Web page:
Swimming: Goodhew tips Peaty for Tokyo gold, worried by COVID’s lost generation – Metro US

Swimming: Goodhew tips Peaty for Tokyo gold, worried by COVID’s lost generation

FILE PHOTO: Adam Peaty of United Kingdom celebrates after setting
FILE PHOTO: Adam Peaty of United Kingdom celebrates after setting a new world record in men’s 100m breaststroke final at 2016 Olympics

LONDON (Reuters) – Britain’s swimmers are battling against the current heading into the delayed Tokyo Olympics but world record holder Adam Peaty will make light of choppy waters to retain his 100m breaststroke title, according to his predecessor Duncan Goodhew.

Peaty was Britain’s only swimming gold medallist at the Rio Olympics, emulating Goodhew’s feat at the 1980 Moscow Games in the same event, but has been forced to train in a tank in his garden because of the closure of the country’s swimming pools.

While Goodhew says he is concerned at the impact the closure of swimming pools will have on elite and recreational swimmers, he believes Peaty’s prospects will not be effected.

“He is extremely competitive and he is prepared to hold his hand in the fire longer,” Goodhew, president of the Swimathon Foundation http://www.swimathonfoundation.org which is helping the British swimming community stay afloat during the pandemic, told Reuters on Tuesday.

Goodhew won his gold in a time of 1:03 but Peaty’s world record is 55.41 and the 63-year-old says he has taken the discipline to a new level.

“He’s got this whip kick, almost like a rotary engine rather than a piston going backwards and forwards, so he can continue to wind the engine up to a higher RPM than others,” Goodhew said. “Then there’s the psychological advantage the true greats have. They often win because everyone else lets them win.”

While Peaty will be favourite to retain his title, Goodhew predicts a tough Games for the British team.

“The lockdown has been so severe with the swimming pools being shut we are swimming against the current,” he said. “Any success we have should be lauded all the more because of the extraordinary journey that swimmers would have gone through to be as prepared as they can for Tokyo.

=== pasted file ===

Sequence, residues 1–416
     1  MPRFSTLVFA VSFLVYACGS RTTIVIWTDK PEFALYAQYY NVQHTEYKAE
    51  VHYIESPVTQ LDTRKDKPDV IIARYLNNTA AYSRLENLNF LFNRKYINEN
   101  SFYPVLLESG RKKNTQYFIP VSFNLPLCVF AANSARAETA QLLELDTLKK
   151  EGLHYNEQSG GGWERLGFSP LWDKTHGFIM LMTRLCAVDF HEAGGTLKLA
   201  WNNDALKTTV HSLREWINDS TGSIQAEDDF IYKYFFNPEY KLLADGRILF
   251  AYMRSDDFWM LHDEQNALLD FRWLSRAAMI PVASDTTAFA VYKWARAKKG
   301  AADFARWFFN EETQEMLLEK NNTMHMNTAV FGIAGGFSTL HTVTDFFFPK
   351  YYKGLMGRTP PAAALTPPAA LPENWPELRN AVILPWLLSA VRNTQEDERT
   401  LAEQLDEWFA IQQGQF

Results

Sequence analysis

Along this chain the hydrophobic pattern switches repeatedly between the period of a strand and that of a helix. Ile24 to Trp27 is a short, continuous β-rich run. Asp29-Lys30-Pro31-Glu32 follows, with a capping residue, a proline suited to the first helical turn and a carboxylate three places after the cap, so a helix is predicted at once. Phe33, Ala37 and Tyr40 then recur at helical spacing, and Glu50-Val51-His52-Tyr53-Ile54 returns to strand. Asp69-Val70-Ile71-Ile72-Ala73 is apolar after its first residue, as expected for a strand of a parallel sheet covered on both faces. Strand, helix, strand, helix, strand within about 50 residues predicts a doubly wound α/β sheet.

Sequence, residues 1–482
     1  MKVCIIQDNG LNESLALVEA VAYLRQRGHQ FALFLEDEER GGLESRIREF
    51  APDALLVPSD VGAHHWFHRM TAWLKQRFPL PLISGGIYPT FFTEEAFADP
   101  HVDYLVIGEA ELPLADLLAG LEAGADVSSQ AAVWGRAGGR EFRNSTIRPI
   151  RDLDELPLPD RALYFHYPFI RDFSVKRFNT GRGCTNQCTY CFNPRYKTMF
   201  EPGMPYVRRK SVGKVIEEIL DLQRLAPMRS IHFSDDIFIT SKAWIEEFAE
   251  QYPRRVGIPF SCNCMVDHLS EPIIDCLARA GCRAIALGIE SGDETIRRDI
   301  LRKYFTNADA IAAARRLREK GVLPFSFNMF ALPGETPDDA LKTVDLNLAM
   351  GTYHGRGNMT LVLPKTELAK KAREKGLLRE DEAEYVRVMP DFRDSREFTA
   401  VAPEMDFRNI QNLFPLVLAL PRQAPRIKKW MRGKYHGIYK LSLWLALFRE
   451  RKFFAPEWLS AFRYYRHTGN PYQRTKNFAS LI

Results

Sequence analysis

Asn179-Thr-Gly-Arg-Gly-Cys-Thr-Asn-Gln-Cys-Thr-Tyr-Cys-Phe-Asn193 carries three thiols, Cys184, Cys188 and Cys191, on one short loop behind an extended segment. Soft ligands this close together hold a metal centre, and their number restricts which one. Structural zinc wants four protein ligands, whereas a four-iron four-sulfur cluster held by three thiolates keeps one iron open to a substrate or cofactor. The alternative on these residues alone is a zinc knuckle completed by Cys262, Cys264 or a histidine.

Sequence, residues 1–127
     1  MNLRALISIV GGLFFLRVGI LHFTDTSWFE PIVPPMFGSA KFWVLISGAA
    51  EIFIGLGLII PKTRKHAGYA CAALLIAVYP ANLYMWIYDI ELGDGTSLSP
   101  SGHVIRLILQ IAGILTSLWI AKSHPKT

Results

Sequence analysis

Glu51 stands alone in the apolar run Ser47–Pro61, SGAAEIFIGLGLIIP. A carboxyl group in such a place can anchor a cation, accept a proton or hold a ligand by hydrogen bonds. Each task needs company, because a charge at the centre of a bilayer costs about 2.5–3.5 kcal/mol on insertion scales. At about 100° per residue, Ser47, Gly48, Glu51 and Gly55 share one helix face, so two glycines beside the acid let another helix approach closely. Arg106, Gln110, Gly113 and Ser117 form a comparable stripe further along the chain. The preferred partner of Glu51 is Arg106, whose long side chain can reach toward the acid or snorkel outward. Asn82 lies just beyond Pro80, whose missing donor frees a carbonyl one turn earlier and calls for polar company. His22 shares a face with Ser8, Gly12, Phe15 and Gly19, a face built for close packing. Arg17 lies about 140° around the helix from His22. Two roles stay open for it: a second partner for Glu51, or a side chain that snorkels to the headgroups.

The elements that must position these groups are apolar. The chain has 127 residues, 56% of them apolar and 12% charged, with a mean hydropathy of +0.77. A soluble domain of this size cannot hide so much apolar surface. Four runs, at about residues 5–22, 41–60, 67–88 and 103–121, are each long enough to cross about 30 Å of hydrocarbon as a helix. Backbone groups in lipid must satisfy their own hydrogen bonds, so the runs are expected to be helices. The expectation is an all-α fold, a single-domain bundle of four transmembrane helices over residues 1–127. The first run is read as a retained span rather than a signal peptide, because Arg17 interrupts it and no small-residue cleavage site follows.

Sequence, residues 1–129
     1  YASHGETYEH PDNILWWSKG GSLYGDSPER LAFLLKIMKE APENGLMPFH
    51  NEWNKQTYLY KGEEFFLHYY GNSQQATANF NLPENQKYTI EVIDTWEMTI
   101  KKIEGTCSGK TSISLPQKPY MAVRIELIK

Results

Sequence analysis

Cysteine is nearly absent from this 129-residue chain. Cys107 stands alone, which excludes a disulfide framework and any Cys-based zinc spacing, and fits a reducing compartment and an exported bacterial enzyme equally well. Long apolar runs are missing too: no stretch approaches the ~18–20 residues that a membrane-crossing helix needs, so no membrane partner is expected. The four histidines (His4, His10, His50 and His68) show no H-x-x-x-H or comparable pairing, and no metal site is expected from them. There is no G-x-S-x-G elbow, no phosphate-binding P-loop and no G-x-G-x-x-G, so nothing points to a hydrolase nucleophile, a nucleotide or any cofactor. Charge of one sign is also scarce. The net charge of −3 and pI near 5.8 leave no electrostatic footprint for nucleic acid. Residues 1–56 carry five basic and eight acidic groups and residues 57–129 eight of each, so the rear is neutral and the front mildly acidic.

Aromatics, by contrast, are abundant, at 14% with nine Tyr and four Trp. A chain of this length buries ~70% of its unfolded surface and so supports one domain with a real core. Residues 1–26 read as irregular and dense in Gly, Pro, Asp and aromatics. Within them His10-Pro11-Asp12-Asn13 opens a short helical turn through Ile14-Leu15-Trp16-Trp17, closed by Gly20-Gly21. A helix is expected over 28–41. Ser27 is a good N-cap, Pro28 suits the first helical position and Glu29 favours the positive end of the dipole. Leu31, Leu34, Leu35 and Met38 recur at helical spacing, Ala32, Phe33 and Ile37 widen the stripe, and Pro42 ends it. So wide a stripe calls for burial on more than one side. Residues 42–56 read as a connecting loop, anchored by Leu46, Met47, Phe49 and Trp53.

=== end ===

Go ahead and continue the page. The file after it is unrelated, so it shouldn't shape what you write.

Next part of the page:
“It’s difficult to overcome if you know the Chinese have been in the pool the whole time and you haven’t.”

Goodhew believes some swimmers will struggle with having to effectively prepare for 25% longer for the re-scheduled, but thinks Peaty will not let that effect him and would not rule out a lowering of the world record.

“He knows his event boils down to one minute every four years and will be ready,” he said.

“I would be pleasantly surprised but not shocked if we get a fair number of world records in Tokyo,” he said.

Goodhew, however, has concerns that a generation of new Peatys might be lost because of the pandemic.

“Imagine you have the most talented breaststroker that ever lived and he never learns to swim,” he said.

“In Britain we were struggling anyway with three-year waiting lists on learn-to-swim programmes and we know last year over 10% of the pools did not open when they had the chance to open (after the first lockdown) for a variety of reasons.

“That is incredibly worrying for the sport of swimming and I think it’s a wider concern for us as a civilized society.

“Is it acceptable for us to have a lost generation of kids that are unable to swim because of the pandemic?”

The Swimathon Foundation distributed around 50,000 pounds ($69,000) in grant funding to support local swimming groups struggling as a result of the pandemic last year and has pledged a further 30,000 pounds in grants.

“Swimming pools are national treasures, we are a nation of swimmers,” Goodhew said. “Swimming has the most amazing physical and mental benefits. Ask any physician and they are more likely to say that swimming is the best all-round exercise for you.”

($1 = 0.7250 pounds)

(Reporting by Martyn Herman, editing by Pritha Sarkar)